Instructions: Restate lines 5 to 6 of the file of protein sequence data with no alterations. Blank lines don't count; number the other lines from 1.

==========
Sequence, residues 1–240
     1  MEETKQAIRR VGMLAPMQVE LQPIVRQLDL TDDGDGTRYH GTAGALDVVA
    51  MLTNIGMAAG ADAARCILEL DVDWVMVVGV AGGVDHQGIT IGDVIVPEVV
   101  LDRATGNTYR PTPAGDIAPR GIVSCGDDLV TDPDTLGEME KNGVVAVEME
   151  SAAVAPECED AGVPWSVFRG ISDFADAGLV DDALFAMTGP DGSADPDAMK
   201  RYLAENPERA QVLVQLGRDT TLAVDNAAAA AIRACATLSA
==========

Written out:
   151  SAAVAPECED AGVPWSVFRG ISDFADAGLV DDALFAMTGP DGSADPDAMK
   201  RYLAENPERA QVLVQLGRDT TLAVDNAAAA AIRACATLSA